Like many adults who achieve bilingual fluency, Lupia started learning both languages at a young age. “My parents got divorced when I was very young. I spent the winters in Buffalo and the summers in El Paso, Texas. One side of my family is quite liberal. The other side usually has Fox News on in the background. So, for me, bipartisanship is not just an interesting topic,” he says, laughing, “it is a survival skill.”
Bipartisanship has helped to guide Lupia in life, and it’s one of the principles behind his research, too. Lupia studies persuasion, examining the way people make decisions and the way they manage complex information—all topics that affect our growing political divide. One subject that has particularly piqued his recent interest is the way in which researchers can benefit society.
“I am really driven by quality-of-life questions,” says Lupia. “What can we do to improve the quality of life for people around us? There aren’t easy solutions, which makes me want to get all hands on deck. And it is hard to get people to work together if you’re telling half of them that they’re stupid.”
By their nature, political parties don’t typically see things the same way. Over the last 50 years, the gulf between Republicans and Democrats has widened. As Democrats have moved further left, Republicans have responded by moving further right. In 1994, a Pew report found that 64 percent of Republicans were more conservative than the median Democrat. By 2014, they found that number had climbed to 92 percent.
It’s a discouraging trend, and it made Lupia wonder what would happen if people shifted their focus away from their differences and toward the challenges and aspirations that all of them recognize.
“I really wasn’t sure how many problems we could find that members of both parties agreed on,” Lupia admits. “I looked at the best available data to see if there were problems that both 80 percent of Republicans and 80 percent of Democrats recognize. My pitch to U-M leadership was, we’re in a swing state and we’re at this amazing public university. What if our campus focused on the big problems that the political parties and the news media are ignoring because they are busy emphasizing conflict instead?”
Lupia’s pitch led to an undergraduate course called “Beyond Partisanship.” For the class, Lupia found four things which Democrats and Republicans could agree were problems, and he found speakers from both sides of the aisle who would come to campus to speak about them. The issues were opioids, housing security, making life better for Michigan, and encouraging public service. Students in the class were charged with figuring out what they could do on these topics to improve quality of life for the diverse communities of people the University of Michigan seeks to serve.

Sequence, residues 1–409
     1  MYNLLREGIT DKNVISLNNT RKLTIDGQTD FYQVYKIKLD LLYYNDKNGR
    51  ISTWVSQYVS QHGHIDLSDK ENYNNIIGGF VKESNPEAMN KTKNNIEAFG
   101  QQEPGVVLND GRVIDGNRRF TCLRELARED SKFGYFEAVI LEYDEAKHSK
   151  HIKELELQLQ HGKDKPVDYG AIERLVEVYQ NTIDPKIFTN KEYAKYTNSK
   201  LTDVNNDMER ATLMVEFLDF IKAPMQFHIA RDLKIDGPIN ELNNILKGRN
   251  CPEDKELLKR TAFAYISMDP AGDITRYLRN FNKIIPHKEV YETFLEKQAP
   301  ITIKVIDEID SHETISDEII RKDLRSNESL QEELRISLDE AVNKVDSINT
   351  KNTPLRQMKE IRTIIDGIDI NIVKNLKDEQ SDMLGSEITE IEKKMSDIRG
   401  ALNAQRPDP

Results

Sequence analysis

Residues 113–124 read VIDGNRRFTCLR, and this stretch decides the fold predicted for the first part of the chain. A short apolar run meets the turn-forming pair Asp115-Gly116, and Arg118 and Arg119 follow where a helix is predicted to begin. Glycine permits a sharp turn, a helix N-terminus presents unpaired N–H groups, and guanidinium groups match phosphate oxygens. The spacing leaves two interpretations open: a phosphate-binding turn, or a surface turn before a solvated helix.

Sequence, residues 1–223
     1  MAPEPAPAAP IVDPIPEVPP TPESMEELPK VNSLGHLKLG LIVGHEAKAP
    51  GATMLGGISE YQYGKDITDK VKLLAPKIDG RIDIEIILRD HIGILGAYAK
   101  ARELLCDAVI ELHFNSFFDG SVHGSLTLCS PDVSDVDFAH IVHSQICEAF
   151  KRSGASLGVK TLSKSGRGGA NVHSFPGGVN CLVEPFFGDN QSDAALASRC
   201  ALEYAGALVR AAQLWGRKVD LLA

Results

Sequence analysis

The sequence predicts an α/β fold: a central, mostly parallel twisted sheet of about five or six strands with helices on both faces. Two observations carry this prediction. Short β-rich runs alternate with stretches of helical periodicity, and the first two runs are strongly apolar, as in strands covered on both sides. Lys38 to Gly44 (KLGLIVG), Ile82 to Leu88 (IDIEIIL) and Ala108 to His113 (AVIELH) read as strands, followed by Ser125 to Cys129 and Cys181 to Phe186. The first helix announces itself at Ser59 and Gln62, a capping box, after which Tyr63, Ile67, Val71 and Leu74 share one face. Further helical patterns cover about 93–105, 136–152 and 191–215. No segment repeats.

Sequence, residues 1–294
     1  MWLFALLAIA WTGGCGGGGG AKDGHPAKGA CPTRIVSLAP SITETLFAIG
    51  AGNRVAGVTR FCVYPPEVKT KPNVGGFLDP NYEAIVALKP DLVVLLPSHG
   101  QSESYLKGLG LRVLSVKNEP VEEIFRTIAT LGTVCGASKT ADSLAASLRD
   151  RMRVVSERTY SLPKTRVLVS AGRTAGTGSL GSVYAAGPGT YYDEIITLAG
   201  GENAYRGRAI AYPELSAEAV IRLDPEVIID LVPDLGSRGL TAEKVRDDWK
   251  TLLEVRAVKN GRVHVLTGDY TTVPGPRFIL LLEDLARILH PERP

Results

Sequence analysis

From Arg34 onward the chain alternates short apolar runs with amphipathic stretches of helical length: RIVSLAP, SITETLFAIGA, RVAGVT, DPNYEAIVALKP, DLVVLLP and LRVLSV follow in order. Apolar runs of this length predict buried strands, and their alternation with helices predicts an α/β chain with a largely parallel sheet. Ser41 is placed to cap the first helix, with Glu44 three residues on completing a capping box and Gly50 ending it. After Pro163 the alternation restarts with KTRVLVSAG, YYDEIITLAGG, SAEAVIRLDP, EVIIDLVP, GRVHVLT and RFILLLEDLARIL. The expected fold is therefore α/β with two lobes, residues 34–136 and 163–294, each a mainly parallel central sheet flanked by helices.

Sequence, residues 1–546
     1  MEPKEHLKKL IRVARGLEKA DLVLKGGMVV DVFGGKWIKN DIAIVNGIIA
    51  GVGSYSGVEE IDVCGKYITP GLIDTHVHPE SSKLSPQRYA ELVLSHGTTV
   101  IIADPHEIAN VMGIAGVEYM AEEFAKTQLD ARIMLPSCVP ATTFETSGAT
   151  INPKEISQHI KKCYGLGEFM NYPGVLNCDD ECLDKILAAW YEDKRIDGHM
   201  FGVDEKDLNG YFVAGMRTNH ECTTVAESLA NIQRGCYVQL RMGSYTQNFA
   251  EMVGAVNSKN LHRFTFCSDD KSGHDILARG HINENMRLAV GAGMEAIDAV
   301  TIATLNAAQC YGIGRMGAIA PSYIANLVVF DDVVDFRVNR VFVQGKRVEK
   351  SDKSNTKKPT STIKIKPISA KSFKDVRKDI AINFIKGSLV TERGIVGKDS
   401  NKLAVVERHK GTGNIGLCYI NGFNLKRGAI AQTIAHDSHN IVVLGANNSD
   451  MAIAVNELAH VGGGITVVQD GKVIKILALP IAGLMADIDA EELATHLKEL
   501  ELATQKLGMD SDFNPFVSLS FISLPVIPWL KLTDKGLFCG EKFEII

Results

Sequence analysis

The “Beyond Partisanship” class comprised two separate groups of students: a group of 40 advanced political science students who met twice per week, and a group of 140 students who met to hear the four guest speakers talk about their experiences working on issues using a bipartisan approach.
The guest speakers each focused on a specific topic. U.S. Representative Debbie Dingell (D-Michigan) talked to the students about the opioid crisis. Beth Myers, a GOP strategist who led campaigns for Mitt Romney and Paul Ryan, focused on homelessness and housing security. Former U.S. Representative Brian Baird (D-Washington) talked about how to inspire people to commit to public service. Craig Ruff and Bill Rustem from Public Sector Consultants, who come from opposite sides of the political spectrum themselves and have worked for multiple Republican governors, focused on how to improve the quality of life for people in Michigan.
For each of the four topics, Lupia and the graduate students that he works with identified 40 stakeholder roles. With opioids, for example, the stakeholder roles included addicts and their families, faith leaders working with addicts, doctors, community leaders, and politicians. Using software developed by Ford School of Public Policy Professor Elisabeth Gerber and U-M’s Office of Academic Innovation, the class randomly assigned these stakeholder roles to each of the 40 students in the advanced class without regard to gender or political persuasion. That meant students had to learn and understand other people’s points of view well enough to champion them.
Once the students knew their roles, Lupia ran the class as if it were a 90-minute focus group, and each student had to represent and advocate for the role they had been assigned. In the opioid scenario, for example, a student who had been assigned to portray a local politician explained her thoughts about a proposed policy. “And I’d say, ‘Well, that’s interesting, because that’s the same thing this faith leader or counselor has been doing,’” Lupia explains, “which helped students realize how much different people had in common and how to use that knowledge to make progress solving very difficult problems.”